It would be a misnomer to say it steadily increases in quality, although it might aeem that way. To me, it's more of the author fleshing out ideas and characters than getting better at writing. The quality is there from the start, just not as recognizable as it is later on.

       Currently three books deep, along with a few side stories I genuinely enjoyed as much as the main plot, Goldthirst has a lot to offer readers. I'll try to keep it clear and concise, although I might ramble on a little.


       Termed 'DnD Comedy' by the author, Goldthirst is so much more than that. Oh, it more than provides the comedy part, but with far better execution than many comedy stories I've seen. See, here's the thing. It never forces a situation into comedy, or tries to get a cheap laugh from you. I stead, It always plays it to the characters, and feels natural. Antics with consequences, I like to think of it. Oh, sure, Semari might goof of an try to headbutt/wrestle every mountain goat she comes across on and endlessly looping trail, but how they deal with the consequences of her actions is just as good, if not better than her actual antics.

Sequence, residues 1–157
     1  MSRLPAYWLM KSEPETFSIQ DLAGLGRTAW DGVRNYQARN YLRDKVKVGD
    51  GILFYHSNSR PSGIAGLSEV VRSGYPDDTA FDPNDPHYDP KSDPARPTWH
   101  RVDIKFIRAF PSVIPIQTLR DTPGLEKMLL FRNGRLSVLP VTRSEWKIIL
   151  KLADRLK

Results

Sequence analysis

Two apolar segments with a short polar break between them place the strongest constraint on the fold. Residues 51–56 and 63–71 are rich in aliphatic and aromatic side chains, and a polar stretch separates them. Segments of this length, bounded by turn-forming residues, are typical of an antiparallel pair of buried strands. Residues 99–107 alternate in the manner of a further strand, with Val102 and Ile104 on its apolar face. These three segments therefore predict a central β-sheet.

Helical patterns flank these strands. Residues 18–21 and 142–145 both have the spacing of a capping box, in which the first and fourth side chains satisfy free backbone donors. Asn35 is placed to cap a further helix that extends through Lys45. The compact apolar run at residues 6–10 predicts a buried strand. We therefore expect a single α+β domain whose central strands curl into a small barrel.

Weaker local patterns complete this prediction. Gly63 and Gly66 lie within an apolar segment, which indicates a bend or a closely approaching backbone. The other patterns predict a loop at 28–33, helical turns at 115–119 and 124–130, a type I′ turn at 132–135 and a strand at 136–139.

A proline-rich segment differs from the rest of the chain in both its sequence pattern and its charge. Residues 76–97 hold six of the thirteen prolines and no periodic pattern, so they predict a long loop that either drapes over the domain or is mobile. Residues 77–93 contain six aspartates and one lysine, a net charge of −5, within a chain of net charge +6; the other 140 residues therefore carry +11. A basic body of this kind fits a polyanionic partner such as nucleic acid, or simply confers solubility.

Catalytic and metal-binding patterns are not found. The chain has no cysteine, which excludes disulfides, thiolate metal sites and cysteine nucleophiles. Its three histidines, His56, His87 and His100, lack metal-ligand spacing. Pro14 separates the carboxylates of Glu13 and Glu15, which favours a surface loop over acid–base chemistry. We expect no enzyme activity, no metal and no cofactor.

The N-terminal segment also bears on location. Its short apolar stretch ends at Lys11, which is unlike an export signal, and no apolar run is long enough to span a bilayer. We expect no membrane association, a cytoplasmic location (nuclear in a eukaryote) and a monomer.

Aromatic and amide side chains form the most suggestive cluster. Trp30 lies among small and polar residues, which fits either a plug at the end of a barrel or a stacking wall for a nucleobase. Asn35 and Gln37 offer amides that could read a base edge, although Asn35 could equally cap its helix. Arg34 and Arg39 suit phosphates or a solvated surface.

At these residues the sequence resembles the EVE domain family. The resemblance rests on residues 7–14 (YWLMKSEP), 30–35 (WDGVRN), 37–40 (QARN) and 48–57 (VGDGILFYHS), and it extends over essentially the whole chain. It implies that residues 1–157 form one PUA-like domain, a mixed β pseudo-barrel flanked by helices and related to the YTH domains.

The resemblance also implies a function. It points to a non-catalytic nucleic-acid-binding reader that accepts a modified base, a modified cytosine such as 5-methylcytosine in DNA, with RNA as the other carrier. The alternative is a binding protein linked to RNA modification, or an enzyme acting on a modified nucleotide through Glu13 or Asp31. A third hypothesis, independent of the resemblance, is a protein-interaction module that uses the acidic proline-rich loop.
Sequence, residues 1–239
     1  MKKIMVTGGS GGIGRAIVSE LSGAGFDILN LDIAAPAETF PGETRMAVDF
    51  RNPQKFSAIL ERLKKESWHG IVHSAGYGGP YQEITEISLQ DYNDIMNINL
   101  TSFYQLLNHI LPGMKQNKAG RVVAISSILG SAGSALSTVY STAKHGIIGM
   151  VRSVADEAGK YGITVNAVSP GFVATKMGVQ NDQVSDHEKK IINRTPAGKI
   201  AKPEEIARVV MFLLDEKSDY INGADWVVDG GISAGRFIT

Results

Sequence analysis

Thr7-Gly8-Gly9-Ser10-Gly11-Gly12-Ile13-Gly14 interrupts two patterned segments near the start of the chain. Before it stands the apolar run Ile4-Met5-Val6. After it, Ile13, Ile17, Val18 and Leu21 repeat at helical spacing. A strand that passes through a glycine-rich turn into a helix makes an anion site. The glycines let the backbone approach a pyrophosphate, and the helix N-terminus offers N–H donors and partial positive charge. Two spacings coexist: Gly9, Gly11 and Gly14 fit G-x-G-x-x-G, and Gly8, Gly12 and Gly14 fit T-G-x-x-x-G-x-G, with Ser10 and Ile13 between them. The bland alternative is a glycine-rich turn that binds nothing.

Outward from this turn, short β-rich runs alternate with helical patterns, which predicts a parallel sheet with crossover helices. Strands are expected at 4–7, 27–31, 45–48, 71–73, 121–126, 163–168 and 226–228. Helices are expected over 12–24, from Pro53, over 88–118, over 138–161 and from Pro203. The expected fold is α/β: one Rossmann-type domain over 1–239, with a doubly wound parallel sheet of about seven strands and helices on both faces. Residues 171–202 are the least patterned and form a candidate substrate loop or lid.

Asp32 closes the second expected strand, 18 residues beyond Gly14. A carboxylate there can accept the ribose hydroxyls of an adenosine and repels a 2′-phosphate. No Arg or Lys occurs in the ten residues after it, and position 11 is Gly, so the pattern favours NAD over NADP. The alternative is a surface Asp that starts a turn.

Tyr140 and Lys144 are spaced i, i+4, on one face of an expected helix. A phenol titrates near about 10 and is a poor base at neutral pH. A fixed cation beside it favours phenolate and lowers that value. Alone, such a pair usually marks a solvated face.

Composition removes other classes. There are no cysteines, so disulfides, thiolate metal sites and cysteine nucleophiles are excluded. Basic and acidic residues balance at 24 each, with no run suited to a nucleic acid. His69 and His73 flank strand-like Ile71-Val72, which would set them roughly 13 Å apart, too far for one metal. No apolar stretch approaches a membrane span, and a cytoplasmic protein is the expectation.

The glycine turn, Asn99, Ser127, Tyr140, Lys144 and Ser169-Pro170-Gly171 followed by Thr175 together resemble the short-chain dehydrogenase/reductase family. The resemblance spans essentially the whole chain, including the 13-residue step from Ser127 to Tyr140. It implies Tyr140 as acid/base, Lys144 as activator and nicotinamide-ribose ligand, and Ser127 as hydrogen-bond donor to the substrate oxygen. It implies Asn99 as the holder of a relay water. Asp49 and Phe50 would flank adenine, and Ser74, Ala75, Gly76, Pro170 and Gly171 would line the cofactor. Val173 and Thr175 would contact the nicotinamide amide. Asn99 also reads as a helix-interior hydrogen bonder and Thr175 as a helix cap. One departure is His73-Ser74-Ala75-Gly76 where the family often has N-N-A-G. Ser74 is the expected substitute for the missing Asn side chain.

While the main focus of the story is comedy, it never shoves it in your face, instead leaving you to form your own picture. This method is also used to great success on some characters, more on that later.

       Instead of one long serial, this could be seen as two and a half mini-serials, each starring the same cast of characters and with ten-fifteen chapter adventures. Each of which might have mini-adventures, all of which feel well-done and relevant. The sypnosis doesn't lie, and delivered everything I was hoping for when I read it. Also noticeable Is the author's complete disreagrd for filler. The chapters, while shortish, are bursting to the brim with not only content, but memorable moments and quoteable scenes. This is something not often achieved. A story that tried not to take itself seriously, but instead ends up just as thought-provoking and engaging as stories that deliberately try to be that way.